Moreover, this prohibition against discrimination based on family status is not restricted solely to biological or adoptive parents and their children. It also extends to anyone in a parent and child type relationship. This includes employees who provide parental-like care to a step-child, a young cousin, a niece/nephew, or an aging relative, such as an aunt/uncle.

Various jurisdictions across Canada have developed several different legal tests for establishing discrimination based on family status. In Ontario, to prove discrimination based on family status arising out of childcare or eldercare responsibilities, employees must prove that:

  • They have specific obligations arising out of a parent-and-child-type relationship;
  • Their employer’s work demands interfere with meeting those obligations; and that
  • Their employer’s demands create a real disadvantage or negative impact on their family needs, given their particular circumstances.

If the employee cannot meet each of these three criteria, then the employer has no legal obligation to accommodate the employee’s request for a modified work schedule. However, if the employee is able to satisfy each of these three criteria then his/her employer is required, under the Code, to take steps to accommodate that employee’s needs to the point of undue hardship to the organization.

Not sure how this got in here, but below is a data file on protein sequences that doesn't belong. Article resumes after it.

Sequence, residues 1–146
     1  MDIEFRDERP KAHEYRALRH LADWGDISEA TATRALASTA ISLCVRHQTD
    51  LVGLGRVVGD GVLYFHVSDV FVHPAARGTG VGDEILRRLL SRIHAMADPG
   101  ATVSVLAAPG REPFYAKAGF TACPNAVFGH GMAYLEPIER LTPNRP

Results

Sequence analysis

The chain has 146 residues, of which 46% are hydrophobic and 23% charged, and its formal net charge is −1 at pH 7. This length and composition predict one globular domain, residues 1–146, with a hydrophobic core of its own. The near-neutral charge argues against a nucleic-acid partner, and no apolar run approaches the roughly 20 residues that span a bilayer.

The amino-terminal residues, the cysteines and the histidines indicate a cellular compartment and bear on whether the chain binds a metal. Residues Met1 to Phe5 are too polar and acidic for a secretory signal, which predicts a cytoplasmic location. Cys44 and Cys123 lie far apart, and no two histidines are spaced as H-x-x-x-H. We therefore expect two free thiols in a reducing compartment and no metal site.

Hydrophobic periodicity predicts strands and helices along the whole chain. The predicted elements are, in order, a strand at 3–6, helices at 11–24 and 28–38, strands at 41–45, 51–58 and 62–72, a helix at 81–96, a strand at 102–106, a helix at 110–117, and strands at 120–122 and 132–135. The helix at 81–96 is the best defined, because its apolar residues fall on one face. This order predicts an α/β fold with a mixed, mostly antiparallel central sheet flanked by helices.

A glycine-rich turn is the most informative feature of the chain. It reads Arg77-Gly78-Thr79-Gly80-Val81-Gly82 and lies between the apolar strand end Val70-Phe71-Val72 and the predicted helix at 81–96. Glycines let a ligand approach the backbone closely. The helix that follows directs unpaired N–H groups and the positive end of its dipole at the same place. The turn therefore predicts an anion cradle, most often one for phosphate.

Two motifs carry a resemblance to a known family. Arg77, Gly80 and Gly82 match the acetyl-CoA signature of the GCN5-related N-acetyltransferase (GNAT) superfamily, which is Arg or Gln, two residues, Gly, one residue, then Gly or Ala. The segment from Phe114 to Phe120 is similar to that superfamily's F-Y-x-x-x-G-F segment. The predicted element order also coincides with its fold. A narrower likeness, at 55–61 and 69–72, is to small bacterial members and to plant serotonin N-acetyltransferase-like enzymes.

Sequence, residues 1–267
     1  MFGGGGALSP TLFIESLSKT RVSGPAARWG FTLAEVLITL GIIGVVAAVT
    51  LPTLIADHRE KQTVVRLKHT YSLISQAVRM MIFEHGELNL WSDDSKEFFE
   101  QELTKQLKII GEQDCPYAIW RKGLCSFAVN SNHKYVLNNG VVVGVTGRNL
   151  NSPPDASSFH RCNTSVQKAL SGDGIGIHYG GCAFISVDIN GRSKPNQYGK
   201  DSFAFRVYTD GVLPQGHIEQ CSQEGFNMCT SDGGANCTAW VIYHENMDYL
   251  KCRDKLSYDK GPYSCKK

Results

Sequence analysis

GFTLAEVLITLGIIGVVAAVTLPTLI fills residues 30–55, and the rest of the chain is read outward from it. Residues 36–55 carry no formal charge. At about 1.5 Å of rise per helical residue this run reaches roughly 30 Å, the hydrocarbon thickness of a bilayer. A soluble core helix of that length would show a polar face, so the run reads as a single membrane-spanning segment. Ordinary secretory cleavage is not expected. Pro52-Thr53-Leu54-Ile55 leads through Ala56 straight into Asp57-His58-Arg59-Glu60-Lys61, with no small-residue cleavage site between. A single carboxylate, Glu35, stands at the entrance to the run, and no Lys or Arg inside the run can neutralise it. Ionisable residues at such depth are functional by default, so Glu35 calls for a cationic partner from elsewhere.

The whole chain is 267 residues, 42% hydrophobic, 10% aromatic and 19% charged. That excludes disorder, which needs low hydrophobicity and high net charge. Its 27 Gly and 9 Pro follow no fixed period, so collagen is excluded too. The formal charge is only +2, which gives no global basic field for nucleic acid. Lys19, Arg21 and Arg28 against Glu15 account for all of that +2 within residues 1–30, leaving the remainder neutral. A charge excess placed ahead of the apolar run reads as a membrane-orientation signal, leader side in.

Although every case depends on its own facts, a court will generally require an employer to modify an employee’s schedule if the failure to do so would fundamentally change that employee’s ability to care for his or her children. For example, in Power Stream Inc. v I.B.E.W. Local 636, the court found that the employer failed in its legal obligation to accommodate an employee’s family status when it refused the employee’s request to return to a pre-existing work schedule, even though the new schedule prevented the employee, who was separated from his spouse, from picking up his children from school on days when they were in his care. As a result of the changed scheduled, the children had to change schools and move in with their mother. Consequently, the employer’s new schedule meant that the father’s parenting was impaired because he could only see his children on the weekends.

“A court will require an employer to provide flexible working arrangements to employees”